This weekend saw the second Hen Harrier Day (HHD) take place. Although there were several events around the Country, as last year I was drawn back to my home county of Derbyshire, this time to the Goyt Valley near Buxton.
Saturday evening was spent at the Buxton Palace Hotel where Mark Avery ran proceedings, including Mike Clarke CEO RSPB, describing how he saw hen harriers when birding at Cliffe Pools and Capel Fleet Viewpoint as a child – and committing the Organisation to the ongoing protection of wildlife from illegal actions.
The Haltwhistle Project film Skydancer was shown – a brilliant film which is introduced by Finlay Wilde, an young conservationist who introduced a short film of how he made this years HHD props (a Shooting Butt, Poison Bottle, Gin Traps and Rifles!) and explaining what spurs him on to keep fighting for hen harriers. A big announcement at the end of his presentation which just shows what one young person can do! A lesson to us all – you’ll have to watch his film clip to find out what that was though. Conceptual artist Jeremy Deller introduced his Turner prize winning work A Good day for Cyclists depicting a hen harrier clutching a red Range Rover, and explained how he feels that art and conservation are linked and mutually beneficial in conversation with Mark Cocker.
The finale was the ever-brilliant Chris Packham – but more of him later!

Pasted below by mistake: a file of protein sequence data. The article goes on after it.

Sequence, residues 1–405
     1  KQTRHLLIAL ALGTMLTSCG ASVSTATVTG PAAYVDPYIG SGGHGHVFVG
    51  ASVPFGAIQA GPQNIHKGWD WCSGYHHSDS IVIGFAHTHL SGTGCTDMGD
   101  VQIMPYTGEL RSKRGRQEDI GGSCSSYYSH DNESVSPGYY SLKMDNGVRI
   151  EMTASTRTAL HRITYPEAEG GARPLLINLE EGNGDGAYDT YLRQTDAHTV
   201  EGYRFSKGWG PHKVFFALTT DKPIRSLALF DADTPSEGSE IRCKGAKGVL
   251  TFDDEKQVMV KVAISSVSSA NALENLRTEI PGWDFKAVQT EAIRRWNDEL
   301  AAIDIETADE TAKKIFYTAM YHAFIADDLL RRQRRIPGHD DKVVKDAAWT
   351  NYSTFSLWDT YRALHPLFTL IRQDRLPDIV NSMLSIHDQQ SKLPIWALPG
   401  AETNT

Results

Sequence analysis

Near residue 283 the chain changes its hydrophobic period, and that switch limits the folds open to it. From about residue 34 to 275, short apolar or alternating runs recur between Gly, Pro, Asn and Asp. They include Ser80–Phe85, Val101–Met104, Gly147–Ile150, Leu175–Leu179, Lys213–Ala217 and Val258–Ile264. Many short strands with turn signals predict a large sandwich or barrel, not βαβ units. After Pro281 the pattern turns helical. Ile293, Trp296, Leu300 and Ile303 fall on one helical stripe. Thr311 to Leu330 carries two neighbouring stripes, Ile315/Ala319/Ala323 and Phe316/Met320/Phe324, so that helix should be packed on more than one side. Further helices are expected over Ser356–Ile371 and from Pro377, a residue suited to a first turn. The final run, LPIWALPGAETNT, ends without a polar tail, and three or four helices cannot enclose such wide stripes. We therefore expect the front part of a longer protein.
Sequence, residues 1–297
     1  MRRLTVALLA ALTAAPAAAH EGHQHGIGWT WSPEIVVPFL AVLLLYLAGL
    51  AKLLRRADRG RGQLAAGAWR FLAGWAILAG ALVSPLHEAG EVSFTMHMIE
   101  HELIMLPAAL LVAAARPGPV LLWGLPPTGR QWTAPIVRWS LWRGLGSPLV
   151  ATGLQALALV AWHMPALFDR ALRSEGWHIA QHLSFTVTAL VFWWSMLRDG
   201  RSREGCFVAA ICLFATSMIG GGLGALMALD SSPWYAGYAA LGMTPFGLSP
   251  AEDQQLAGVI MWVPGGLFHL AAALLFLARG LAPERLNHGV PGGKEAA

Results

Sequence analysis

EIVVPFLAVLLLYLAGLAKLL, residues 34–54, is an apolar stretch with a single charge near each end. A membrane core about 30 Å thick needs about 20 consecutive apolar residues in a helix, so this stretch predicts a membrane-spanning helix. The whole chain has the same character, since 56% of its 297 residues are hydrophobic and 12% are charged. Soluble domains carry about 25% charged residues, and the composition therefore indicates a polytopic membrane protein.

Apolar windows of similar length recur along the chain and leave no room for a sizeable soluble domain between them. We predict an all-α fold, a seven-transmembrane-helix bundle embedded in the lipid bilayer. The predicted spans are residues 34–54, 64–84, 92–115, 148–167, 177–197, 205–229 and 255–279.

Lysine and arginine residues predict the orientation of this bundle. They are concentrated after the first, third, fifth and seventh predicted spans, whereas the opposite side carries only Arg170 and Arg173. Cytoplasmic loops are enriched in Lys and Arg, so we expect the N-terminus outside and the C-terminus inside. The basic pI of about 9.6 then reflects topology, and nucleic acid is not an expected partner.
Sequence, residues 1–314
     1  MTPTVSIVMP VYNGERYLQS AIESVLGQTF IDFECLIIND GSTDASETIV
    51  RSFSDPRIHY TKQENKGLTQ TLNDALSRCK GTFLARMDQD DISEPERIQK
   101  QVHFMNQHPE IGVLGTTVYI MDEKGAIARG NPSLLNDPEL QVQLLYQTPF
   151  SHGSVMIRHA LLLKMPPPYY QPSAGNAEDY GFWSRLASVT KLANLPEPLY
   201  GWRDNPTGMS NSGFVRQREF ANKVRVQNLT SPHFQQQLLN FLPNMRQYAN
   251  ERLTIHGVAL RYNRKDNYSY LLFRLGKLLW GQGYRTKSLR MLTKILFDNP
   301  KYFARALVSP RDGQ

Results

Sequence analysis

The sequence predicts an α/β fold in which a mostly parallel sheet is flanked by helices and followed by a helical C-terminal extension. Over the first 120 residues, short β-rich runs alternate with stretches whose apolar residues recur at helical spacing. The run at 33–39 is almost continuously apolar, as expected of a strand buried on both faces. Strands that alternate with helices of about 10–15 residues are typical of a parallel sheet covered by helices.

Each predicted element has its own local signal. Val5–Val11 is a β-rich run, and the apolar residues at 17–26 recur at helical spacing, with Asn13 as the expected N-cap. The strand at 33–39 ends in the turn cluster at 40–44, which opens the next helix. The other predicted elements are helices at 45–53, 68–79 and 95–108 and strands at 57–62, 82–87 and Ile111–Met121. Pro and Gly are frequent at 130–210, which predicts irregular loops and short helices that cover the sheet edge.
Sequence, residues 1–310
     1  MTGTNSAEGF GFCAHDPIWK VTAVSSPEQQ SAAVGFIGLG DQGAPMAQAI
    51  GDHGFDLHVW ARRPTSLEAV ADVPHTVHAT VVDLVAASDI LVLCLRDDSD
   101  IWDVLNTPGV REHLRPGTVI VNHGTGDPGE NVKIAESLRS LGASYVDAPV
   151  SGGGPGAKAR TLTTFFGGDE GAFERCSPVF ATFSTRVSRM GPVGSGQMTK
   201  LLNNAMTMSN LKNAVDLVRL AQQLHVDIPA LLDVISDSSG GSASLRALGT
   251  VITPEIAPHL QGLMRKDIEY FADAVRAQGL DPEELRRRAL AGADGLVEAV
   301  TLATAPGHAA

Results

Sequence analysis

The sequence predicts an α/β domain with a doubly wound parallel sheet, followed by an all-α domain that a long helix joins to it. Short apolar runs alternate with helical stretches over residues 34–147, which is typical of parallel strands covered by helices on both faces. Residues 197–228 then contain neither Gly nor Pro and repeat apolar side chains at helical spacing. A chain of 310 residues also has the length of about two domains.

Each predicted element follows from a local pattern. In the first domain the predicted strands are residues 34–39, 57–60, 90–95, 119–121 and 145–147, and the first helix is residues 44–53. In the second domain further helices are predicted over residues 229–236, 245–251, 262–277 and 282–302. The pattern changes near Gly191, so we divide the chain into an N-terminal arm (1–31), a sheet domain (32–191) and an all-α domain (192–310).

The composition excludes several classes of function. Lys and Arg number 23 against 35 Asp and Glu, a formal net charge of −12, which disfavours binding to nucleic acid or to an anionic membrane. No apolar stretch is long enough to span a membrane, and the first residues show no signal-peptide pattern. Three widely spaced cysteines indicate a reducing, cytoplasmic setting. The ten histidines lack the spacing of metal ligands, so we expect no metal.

So, Sunday morning, blue skies and sunshine – what a difference from last year where we got absolutely soaked! The Goyt Valley was superb and on the walk to and from the car park, we carried out a mini-bioblitz and notched up a good list of birds, plants and insects.
Speakers at the event were Charlie Moores (Chair of Birders Against Wildlife Crime) who organised the event, Mark Avery, responsible for starting the whole idea of having a HHD, Jo Smith (Derbyshire Wildlife Trust), Jeff Knott (RSPB), and of course . . . Chris Packham.
As we stood listening to the speakers, and cheering them along, I looked around at the hill behind us and saw a huge burned and bare scar which should have been covered in bracken, heather and many other plants. This area (and the surrounding area) is currently being “managed” for grouse shooting and although there were many birds and insects on the lower slopes, nothing could be seen higher up.
Left to recover and with the regrowth of plants would come wildlife and huge biodiversity – I can only wonder at how many hen harriers have soared over that hillside in the past – and maybe they will again in the not too distant future if we all help to raise awareness and support the huge efforts that are going into fighting the illegal killing of our native wildlife. . . . . . .
As we left the event a peregrine flew over – seemingly giving us a sign that things are turning – and if we all work together they will.
Links to film of the speakers here: HHD (thanks Rare Bird Alert)
If you just want the Chris Packham “Ladybird book of Ecology” then click here – tyrannosaurus (thanks Guy Shorrock)
Grateful thanks to all those who have supplied the film but are not named above.